Arc of Prosperity

Scottish Independence within the EU – with a Scandinavian Slant

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Unpredictable prediction errors

Yes? by Cams, on Flickr.
Readers of this blog may remember that a while ago I made a prediction of the geographical distribution of a narrow Yes vote, based on the most recent council election and some reasonable assumptions about voter behaviour.

The assumption made was that the following percentage of party voters would vote Yes: SNP — 81.7%, Labour — 25.8%, Tory — 5.9%, LibDem — 26.2%, Others — 50.0%. (That is, I expected 81.7% of the people who voted SNP in the council elections to vote Yes to independence.)

A survey made by Lord Ashcroft (PDF) found that 86% of SNP voters, 37% of Labour voters, 5% of Tories and 39% of LibDem voters voted Yes to independence, but this was based on people’s recollection of their last Westminster vote, not the council elections. Also, this was based on a small sample, so these numbers may not be entirely accurate.

To test this, I wrote a computer program to work out the percentages that would have produced the best prediction of the actual result (still based on the council election results). The results are rather surprising: SNP — 64.6%, Labour — 50.3%, Tory — 9.1%, LibDem — 33.4%, Others — 36.9%. Using these percentages produces a decent prediction of the actual result (although a few council areas are wrong, such as Dundee, which performed much better than the revised prediction, and West Lothian, which performed worse).

I don’t claim that these revised percentages are accurate — you’d need a massive exit poll to make sure — but they show that many strong SNP areas performed much worse than I had expected, and many Labour areas performed much better.

To illustrate this, look at the differences between the old prediction and the actual result (the table has been sorted by the difference):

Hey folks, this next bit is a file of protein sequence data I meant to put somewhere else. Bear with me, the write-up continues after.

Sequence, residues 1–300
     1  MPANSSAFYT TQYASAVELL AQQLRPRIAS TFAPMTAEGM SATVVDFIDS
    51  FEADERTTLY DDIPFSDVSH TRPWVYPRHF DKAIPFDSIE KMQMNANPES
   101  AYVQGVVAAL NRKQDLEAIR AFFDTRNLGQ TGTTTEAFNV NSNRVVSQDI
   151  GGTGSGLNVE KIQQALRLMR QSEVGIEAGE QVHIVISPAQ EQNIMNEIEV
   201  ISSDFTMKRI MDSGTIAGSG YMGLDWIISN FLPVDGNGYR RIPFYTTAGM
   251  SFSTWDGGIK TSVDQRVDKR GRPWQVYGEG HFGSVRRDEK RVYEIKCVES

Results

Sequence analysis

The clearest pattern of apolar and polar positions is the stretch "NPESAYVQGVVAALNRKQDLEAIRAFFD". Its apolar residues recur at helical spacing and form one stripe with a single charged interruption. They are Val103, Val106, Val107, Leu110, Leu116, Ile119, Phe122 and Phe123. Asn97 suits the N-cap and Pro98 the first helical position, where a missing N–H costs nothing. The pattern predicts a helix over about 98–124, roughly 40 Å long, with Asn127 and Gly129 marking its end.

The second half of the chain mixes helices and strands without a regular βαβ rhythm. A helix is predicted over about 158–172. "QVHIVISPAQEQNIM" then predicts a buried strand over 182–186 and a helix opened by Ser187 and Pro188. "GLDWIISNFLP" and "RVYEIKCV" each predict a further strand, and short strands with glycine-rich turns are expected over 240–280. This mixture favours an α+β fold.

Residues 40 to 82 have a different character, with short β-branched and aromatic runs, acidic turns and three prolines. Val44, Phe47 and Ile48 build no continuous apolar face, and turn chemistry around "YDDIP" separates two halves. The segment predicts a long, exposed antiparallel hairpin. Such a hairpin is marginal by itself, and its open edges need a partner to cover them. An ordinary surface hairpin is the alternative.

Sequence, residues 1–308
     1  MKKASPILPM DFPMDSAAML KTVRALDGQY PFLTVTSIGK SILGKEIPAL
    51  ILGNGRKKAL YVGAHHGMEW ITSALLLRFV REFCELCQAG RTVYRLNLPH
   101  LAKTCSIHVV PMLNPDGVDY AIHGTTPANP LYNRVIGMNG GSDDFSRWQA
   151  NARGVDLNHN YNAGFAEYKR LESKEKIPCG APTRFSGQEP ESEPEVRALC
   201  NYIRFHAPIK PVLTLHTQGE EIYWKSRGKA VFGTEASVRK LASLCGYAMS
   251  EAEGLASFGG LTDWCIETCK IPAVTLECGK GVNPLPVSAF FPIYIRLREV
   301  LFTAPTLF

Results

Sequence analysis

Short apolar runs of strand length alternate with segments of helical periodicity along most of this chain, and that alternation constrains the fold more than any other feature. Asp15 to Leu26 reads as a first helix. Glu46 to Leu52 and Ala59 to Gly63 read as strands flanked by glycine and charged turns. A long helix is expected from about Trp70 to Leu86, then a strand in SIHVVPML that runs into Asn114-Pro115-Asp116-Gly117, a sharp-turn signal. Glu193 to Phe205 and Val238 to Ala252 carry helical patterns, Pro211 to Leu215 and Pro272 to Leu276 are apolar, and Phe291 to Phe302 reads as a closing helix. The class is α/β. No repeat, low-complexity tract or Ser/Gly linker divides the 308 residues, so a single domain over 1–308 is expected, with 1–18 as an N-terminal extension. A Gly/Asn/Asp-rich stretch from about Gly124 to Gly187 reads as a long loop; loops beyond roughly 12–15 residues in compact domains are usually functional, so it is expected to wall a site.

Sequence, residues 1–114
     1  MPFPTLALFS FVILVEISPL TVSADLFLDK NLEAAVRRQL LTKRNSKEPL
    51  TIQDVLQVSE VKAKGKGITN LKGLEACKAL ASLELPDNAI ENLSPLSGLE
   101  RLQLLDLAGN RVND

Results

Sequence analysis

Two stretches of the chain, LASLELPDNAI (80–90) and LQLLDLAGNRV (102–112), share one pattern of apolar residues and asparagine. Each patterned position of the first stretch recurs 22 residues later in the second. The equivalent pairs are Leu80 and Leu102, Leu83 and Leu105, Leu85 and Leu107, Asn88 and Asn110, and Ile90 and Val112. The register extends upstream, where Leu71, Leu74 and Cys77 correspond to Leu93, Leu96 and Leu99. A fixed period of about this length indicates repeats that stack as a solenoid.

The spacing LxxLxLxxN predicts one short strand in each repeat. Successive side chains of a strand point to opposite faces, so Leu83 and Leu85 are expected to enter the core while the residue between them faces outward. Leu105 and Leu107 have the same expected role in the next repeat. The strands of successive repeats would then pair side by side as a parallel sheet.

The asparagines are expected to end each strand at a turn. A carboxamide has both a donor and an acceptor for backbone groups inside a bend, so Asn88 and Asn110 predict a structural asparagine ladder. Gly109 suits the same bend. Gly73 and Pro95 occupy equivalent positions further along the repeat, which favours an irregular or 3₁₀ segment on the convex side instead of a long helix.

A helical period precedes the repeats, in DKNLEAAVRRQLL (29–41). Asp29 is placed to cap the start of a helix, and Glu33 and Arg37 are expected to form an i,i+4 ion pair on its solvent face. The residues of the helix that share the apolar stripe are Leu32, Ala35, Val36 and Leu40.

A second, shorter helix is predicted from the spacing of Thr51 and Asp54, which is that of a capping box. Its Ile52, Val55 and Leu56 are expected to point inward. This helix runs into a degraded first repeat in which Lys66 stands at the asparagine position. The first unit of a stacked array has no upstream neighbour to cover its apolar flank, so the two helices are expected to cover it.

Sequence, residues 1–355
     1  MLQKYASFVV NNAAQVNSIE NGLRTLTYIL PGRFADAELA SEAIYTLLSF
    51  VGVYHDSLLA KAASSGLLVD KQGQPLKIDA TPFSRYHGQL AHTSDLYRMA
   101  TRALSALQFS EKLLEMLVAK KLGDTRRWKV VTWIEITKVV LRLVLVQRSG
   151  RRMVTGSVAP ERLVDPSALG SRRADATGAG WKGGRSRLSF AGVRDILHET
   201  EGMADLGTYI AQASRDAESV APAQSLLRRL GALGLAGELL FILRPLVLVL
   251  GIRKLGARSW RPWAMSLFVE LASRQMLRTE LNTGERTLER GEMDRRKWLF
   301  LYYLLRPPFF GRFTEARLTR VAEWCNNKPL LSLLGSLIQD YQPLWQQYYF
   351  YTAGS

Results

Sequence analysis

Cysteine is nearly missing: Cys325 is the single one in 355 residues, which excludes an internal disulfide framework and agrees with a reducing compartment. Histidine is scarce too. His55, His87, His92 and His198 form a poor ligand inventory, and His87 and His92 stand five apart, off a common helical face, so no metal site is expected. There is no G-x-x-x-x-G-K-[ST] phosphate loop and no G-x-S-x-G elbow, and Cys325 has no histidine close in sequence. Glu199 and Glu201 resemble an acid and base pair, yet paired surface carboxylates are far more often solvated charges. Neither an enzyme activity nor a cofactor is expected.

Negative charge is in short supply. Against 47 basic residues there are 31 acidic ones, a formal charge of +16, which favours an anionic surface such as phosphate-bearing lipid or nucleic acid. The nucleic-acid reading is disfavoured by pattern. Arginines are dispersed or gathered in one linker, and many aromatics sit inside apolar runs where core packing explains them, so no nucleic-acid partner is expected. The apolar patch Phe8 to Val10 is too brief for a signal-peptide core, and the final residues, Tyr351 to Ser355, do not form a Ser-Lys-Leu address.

Council area Old prediction Actual result Difference
Orkney Islands 56% 33% -23%
Shetland Islands 56% 36% -20%
Moray 60% 42% -18%
Scottish Borders 47% 33% -14%
Aberdeenshire 53% 40% -13%
Angus 57% 44% -13%
Argyll and Bute 53% 41% -12%
East Lothian 49% 38% -11%
Na h-Eileanan an Iar 58% 47% -11%
Perth and Kinross 51% 40% -11%
West Lothian 55% 45% -10%
Clackmannanshire 55% 46% -9%
Midlothian 53% 44% -9%
Dumfries and Galloway 43% 34% -9%
East Ayrshire 55% 47% -8%
Aberdeen 49% 41% -8%
Falkirk 54% 47% -7%
Highland 54% 47% -7%
Stirling 47% 40% -7%
Fife 51% 45% -6%
South Lanarkshire 51% 45% -6%
Renfrewshire 52% 47% -5%
East Dunbartonshire 44% 39% -5%
North Ayrshire 53% 49% -4%
Edinburgh 43% 39% -4%
East Renfrewshire 40% 37% -3%
North Lanarkshire 53% 51% -2%
West Dunbartonshire 56% 54% -2%
South Ayrshire 43% 42% -1%
Dundee 56% 57% 1%
Inverclyde 49% 50% 1%
Glasgow 51% 53% 2%

Orkney and Shetland might be special cases, because they are so far away from Edinburgh, but what happened in places such as Moray, Aberdeenshire and Angus? Did the focus on winning over the Labour voters in Greater Glasgow make the rural SNP voters desert independence?

Going forward, we need to ensure that independence doesn’t become solely a left-wing ambition. Independence will be good for almost everybody in Scotland, and next time we need to work harder on making independence the choice of people everywhere, not just in and around Glasgow and Dundee.

4 thoughts on “Unpredictable prediction errors

  • Interesting – it seems clear that the Yes campaign’s heavily left-wing redistributive vision of an independent Scotland alienated more affluent voters. Those voters also would have been much more likely to be worried by the “uncertainties” on what would happen to Scotland economically.

    • Indeed. Some of these voters were probably never going to vote Yes anyway, simply because they had too much to lose, but surely many of them were potential Yes voters.

      I’d like to hear from Yes campaigners from these areas what their experience was on the ground. Did anything in particular frighten these voters? What do they think should have been done differently?


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